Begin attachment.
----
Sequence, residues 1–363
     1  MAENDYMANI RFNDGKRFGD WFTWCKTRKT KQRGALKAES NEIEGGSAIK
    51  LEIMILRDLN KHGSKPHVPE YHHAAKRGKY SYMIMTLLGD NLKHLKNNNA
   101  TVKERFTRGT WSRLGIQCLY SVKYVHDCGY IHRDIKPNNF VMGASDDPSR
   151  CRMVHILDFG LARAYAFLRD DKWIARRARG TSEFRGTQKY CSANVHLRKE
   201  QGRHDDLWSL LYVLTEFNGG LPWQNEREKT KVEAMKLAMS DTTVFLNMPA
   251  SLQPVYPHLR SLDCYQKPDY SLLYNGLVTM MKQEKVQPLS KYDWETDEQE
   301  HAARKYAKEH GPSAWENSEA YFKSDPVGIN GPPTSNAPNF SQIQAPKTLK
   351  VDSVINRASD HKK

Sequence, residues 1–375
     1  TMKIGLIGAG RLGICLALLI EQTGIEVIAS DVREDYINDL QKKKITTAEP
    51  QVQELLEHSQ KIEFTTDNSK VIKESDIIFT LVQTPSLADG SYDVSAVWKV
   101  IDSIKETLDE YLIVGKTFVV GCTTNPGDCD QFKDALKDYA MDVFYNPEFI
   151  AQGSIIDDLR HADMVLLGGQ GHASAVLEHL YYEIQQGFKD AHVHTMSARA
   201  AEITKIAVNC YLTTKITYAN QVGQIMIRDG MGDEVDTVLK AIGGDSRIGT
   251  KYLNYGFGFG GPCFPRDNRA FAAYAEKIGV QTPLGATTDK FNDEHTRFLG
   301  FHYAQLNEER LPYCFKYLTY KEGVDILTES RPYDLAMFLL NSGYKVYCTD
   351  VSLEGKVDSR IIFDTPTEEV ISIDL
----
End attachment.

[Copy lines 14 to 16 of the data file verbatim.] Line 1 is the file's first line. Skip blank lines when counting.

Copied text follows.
   151  AQGSIIDDLR HADMVLLGGQ GHASAVLEHL YYEIQQGFKD AHVHTMSARA
   201  AEITKIAVNC YLTTKITYAN QVGQIMIRDG MGDEVDTVLK AIGGDSRIGT
   251  KYLNYGFGFG GPCFPRDNRA FAAYAEKIGV QTPLGATTDK FNDEHTRFLG